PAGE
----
Pride Month – Some Facts About Pride in Canada

On the occasion of Pride Month, we would like to take the time to highlight some interesting facts about the struggle led by activists from this community. Pride Month is now a celebration, but that does not mean the end of the struggle for LGBTQ2+ communities in society. For this reason, UCTE wants to remind you of events to keep in mind in the interest of understanding the importance of Pride Month.

  • Riots or parades?
    The parades we know today were not always of this nature. They began as riots and revolt, to promote and defend the rights of the LGBTQ2S+ community. In August of 1971, the first gay rights demonstrations in Ottawa and Vancouver demanded an end to all forms of state discrimination against gays and lesbians. In Winnipeg, some of the earliest participants in this event wore paper bags over their heads for fear of recognition while gathering in public. The event has since grown into a vibrant annual festival, and now provides an opportunity to remember a time when it was not possible to express oneself freely.


  • Stonewall Riot
    UCTE has already made some references to this event in The Marsha P. Johnson Story and in 3 Canadian LGBTQ2S+ Activists to Remember, specifically, the Sylvia Rivera Story. A date to remember is June 28, 1969. In New York City, a riot broke out at the Stonewall Inn, a community club in Manhattan. The demonstration was sparked by a police search of the club. This event lasted all night, continued for the rest of the week, and became a worldwide movement.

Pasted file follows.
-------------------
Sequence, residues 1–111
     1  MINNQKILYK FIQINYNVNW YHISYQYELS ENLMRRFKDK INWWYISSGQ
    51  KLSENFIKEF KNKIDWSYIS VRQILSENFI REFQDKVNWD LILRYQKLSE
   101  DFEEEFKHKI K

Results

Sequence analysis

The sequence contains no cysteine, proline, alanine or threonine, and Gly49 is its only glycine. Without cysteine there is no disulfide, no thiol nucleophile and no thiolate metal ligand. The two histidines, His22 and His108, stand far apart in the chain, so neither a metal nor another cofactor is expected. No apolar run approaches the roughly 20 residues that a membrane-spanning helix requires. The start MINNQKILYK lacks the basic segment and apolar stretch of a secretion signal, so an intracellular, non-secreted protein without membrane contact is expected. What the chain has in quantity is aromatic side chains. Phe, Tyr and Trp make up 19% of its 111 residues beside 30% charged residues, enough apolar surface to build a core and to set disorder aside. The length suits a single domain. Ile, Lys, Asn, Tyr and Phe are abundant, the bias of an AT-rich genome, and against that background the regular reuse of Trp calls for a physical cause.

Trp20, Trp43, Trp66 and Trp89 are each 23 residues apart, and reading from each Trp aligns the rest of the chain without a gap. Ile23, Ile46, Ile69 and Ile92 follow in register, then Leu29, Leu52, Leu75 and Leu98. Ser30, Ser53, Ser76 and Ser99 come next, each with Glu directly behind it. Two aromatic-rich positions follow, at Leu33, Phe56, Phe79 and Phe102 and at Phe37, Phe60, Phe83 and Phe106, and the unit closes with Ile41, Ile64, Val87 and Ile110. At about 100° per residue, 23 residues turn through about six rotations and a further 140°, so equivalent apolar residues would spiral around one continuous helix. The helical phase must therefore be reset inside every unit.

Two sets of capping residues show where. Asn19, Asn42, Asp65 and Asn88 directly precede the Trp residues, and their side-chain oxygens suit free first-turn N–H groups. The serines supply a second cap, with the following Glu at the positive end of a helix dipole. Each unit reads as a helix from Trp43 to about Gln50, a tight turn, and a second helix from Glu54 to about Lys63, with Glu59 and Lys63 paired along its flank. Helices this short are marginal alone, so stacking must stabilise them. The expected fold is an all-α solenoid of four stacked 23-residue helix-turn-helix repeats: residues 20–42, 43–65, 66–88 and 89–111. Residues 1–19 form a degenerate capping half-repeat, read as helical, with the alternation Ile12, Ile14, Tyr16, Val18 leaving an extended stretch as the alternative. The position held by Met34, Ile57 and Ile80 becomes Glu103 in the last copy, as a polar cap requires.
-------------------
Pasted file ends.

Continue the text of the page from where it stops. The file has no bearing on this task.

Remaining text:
• Montreal and The Sex Garages After Party
    Montreal’s Stonewall is July 15, 1990. During a police raid on The Sex Garages After Party, the LGBTQ2+ community revolted and for 36 hours police and protesters clashed violently. Following this event, the Sex Garage raid was the starting point for a movement of activists defending the rights of the LGBTQ2S+ community, especially in the political arena, leading to an improvement in the lives of this community in Montreal.
  • Operation Soap in Toronto
    In Toronto, large gatherings of the community took place in public baths, which led the police, on 5 February 1981, to storm four public baths and arrest 300 men. This raid, dubbed ‘Operation Soap’, was intended to punish members of the community. Most of the charges were later dropped or dismissed. It was after this event that people began to gather to denounce the injustice experienced by these men, giving birth to the Toronto Pride celebrations.
  • The First Celebrations
    In 1979, Montreal and Vancouver were the first Canadian cities to hold an official Pride march and festival to celebrate the many struggles of the LGBTQ2+ community and to remember the injustices they have faced over the years.

Pride Month is an opportunity to remember, but also to educate. It is important to remember the injustices  communities around the world have faced in order that we understand the importance of today’s events.

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